How Scala is used in data science: Scala was explicitly designed to be a cleaner, less wordy alternative to the Java language. Scala also runs on the same JVMs used in Apache’s big data frameworks, which makes it a great fit for distributed big data projects and data pipelines. “You can write hundreds of lines of confusing-looking Java code in less than 15 lines in Scala,” wrote Packt.
A principal software engineer at Seattle-based Hiya told Built In in 2019 that he’s built petabyte-scale data projects on Scala.
How Go is used in data science: Go, or GoLang, is a general-purpose language that can be used to build scalable data servers, data analytics platforms and machine learning systems.
Google developed Go in 2007 to support high-performance programming tasks similar to C but still be easily understood by beginners like with Python or Java. The language can handle native concurrency, garbage collection, memory safety plus offers cloud service and DevOps support.
How Julia is used in data science: Much has been made of Julia’s ascendancy in data science circles since its release — and for good reason. While Julia’s ecosystem is general-purpose, it’s known to support tasks in data interaction, data visualization, machine learning and parallel computing.
As developer Anupam Chugh noted in Built In, Julia is faster than Python; dynamic, yet more type-safe (thanks to its just-in-time compiler and multiple dispatch); and better equipped for distributed and parallel computing projects.
Julia’s power has especially made it a go-to option for big data analysis in the private sector and scientific research. The language can be found in noteworthy projects for climate modeling, weather forecasting and astronomical surveys, among others. Its wide-ranging interoperability — compatible with everything from Python to old-school Fortran — and its continued boost from MIT, also make Julia a likely long-term contender.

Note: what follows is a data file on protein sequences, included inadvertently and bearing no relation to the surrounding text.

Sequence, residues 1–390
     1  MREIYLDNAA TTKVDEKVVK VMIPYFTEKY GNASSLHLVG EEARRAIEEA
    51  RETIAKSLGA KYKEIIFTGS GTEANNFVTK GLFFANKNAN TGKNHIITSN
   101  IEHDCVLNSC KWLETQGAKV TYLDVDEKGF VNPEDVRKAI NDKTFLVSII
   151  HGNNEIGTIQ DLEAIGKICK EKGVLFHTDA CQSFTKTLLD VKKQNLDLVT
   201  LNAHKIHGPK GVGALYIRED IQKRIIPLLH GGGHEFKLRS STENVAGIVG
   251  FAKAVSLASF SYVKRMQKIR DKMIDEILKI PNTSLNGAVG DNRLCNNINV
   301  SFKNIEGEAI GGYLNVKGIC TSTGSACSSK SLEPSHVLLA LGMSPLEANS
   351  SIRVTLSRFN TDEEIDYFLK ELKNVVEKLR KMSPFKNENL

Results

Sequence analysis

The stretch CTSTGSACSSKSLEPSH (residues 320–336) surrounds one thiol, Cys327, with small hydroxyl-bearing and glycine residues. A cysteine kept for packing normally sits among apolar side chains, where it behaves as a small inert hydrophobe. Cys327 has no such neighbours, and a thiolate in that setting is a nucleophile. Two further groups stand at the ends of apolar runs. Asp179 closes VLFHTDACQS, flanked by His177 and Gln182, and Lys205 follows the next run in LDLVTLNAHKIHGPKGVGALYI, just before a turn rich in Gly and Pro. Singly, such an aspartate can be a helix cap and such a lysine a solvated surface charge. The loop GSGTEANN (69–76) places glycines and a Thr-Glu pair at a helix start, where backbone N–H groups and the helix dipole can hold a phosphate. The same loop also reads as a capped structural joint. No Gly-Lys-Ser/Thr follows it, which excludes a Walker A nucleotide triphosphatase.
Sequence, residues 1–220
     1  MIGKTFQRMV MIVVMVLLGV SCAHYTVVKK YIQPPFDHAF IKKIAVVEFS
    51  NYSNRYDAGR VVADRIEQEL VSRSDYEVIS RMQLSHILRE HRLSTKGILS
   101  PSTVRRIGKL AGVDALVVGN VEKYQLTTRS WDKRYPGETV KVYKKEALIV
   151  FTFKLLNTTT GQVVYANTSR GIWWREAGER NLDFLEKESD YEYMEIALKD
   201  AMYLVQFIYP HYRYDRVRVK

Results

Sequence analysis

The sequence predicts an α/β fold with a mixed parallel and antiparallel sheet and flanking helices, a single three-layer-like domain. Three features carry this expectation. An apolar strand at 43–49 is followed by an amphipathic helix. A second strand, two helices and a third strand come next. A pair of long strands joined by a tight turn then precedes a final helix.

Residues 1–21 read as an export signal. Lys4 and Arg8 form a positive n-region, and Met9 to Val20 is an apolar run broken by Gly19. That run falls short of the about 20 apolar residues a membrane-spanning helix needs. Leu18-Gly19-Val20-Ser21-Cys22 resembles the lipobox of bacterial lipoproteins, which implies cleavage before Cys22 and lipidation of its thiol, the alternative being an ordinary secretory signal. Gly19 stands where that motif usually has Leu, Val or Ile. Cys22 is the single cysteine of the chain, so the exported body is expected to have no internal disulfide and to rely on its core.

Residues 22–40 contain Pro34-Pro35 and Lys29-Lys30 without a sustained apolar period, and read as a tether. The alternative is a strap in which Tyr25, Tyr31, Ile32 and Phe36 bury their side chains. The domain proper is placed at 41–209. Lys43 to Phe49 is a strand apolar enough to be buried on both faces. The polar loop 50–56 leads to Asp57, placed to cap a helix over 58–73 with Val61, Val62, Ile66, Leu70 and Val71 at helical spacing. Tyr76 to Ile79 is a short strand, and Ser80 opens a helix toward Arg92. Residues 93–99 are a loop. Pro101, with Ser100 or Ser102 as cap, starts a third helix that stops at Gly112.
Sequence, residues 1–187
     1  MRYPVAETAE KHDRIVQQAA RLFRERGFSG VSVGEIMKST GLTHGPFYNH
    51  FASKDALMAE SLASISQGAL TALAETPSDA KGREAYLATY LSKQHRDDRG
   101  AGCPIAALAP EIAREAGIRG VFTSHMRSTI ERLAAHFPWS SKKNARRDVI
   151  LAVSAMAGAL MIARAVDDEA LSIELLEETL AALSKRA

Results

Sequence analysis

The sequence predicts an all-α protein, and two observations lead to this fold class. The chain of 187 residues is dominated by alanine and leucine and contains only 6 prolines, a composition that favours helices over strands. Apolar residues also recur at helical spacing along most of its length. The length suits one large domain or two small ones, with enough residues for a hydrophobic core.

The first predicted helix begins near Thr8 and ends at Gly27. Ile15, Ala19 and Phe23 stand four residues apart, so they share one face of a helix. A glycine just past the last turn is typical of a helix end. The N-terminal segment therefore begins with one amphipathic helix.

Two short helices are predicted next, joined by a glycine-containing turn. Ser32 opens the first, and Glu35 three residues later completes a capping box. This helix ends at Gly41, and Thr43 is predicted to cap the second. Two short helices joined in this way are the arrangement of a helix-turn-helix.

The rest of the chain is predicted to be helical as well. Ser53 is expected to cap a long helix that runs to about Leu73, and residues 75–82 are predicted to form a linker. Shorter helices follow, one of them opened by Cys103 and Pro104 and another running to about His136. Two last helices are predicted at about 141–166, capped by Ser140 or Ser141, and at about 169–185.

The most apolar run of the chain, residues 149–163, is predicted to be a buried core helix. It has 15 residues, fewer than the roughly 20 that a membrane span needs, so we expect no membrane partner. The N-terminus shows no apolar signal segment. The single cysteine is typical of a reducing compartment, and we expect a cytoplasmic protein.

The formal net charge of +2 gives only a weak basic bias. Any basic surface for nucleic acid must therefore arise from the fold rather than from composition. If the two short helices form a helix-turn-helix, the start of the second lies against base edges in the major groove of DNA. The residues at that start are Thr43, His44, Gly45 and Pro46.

Like similarly emergent languages Rust and Clang, Swift is backboned by the powerful compiler framework LLVM. Swift is notably interoperable with Python and compatible with TensorFlow, plus is strongly supported by Google, making it a popular choice for machine learning. The program’s creator even joined Google Brain, a top deep learning research team, in 2017.
How MATLAB is used in data science: MATLAB, though remaining associated with projects in academia and scientific research labs, has also found its way into aerospace, automotive and robotics data science applications. MATLAB is actually part language and part working environment, allowing room to develop and validate new algorithms. Toolboxes — or libraries of application-specific functions — are another central component.
A downside: MATLAB is proprietary. But you can get a lot of what made the language notable years ago, like intuitive plotting, from various free, open-source alternatives. So while it remains niche and hardly a must-know for most working data scientists, its endurance, particularly in some higher education research corners, means it shouldn’t be omitted when considering the landscape.
How SAS is used in data science: One of the first leaders in analytics software, SAS is able to perform statistical modeling, data analytics and data visualization on complex scales. SAS can mostly be found in industries where old-school systems can persist, like finance, heavy manufacturing or healthcare, but it’s definitely worth being aware of. Being compared against languages like Python and R for big data projects, job seekers may encounter it in sporadic job postings for data science or analyst roles.
As economist and data science specialist Edward Hearn noted in Built In, the data science industry still lives in a state of tension where preference for open source climbs in comparison to proprietary software. Legacy businesses think languages like SAS do just fine for analytics code, and upending established software infrastructure can make for steep costs. Due to this, it’s enough to keep SAS on the radar.